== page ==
Students live a hectic yet intentional life

A commuter’s point of view on campus life.

Photo+Illustration+by+Caroline+Sommers%2F+THE+CHIMES
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Students live a hectic yet intentional life

Photo Illustration by Caroline Sommers/ THE CHIMES

Photo Illustration by Caroline Sommers/ THE CHIMES

Photo Illustration by Caroline Sommers/ THE CHIMES

Photo Illustration by Caroline Sommers/ THE CHIMES

Chris Baeza, Writer

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Commuting is an everyday circus for students who decide to branch out and live off campus. From rushing through the house to get ready for the day, then battling traffic on the way to school and trying to squeeze in time for their friends, the daily process can get tiring.

Intentional with time

However, students are rewarded when they are intentional with their time. College should not only be a place to grow in knowledge, but to make great friends as well.

“It’s kind of like a battlefield,” said Tiffany Forster, senior communications major,  talking about what her commute used to be like from her previous home in Mission Viejo.

Now living in La Mirada, her commute is much shorter. When talking about engaging in the community at Biola, junior English major Jacob Sanchez believes effort is required in connecting with people.

“I have to be more intentional about being involved in community,” Sanchez said.

A change in distance can change the way a student participates in events on campus. Involvement in events is key at times in changing the way a student will engage in a community.

“I’d have to add 35 to 40 minutes just to drive. It was harder to stay on campus. I’d only be on campus when I had classes,” said Caitlin Rodgers, junior intercultural studies major, about her experience commuting in community college. “[Biola is] not as far as a drive, so it’s easier to go back and forth.”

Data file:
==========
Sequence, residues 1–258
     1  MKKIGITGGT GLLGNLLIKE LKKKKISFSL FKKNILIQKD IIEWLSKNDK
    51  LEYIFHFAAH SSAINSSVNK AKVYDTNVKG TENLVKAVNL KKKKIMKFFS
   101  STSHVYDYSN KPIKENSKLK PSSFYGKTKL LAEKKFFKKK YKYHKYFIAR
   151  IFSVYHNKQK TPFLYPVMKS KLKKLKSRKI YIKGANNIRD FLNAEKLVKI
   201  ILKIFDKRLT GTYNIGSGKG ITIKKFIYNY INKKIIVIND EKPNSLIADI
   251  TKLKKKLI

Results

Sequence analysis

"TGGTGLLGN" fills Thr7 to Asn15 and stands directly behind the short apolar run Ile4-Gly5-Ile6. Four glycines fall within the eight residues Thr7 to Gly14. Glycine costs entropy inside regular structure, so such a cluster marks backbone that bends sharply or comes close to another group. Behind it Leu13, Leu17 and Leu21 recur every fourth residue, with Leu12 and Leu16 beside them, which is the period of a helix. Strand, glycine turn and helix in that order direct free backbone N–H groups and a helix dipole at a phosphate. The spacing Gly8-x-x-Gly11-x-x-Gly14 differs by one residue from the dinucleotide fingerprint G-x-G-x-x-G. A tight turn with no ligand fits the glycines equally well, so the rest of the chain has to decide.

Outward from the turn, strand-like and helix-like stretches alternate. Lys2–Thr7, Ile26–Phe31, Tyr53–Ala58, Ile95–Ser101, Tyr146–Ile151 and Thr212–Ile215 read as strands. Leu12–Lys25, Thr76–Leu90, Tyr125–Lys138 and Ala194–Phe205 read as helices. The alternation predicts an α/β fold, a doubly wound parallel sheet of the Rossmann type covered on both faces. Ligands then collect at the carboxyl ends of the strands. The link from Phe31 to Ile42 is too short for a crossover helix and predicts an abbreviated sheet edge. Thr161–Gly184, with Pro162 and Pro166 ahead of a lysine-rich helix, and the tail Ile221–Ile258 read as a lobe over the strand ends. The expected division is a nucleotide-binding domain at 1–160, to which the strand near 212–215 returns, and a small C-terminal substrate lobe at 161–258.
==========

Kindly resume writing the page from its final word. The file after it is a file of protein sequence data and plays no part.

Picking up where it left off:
keeping everyone in the loop

Barring any physical elements that might inhibit a person from joining in on community, it can always be hard to put oneself out there and meet new people. It may hard be for students to engage in community because it is a new place, perhaps they do not know a lot of people on campus, or maybe a student is not prone to strike up conversations with a stranger.

According to Forster and Sanchez, commuter life on campus does a great job of keeping everyone in the loop on campus goings-on and events coming up. So, even if students are  shy, there are people out there trying to bring them into the community here on campus.

Whether campus is just too far or there is not enough time in the day to get things done, community ultimately comes down to the commuter. Forster said it can be similar to leading two separate lives while living off campus.

At times, this can be all too true for a commuter, but that does not mean it is bad to have a life away from the on-campus community. In fact, Rodgers said living off campus is nice. It is all about having some sort of community to be a part of and they do not always have to be on-campus. Students have to decide and find the balance between a list of things to do and making campus a place to rest as well.

“This campus is a work of art and it really is cool to just be in it and relax in it, instead of just running around thinking, ‘I have to do this and this,’” Forster said.

All that to say, Biola is not just beautiful as Forster says, but it is also a place to be challenged in community— students just have to be intentional to connect, according to Sanchez.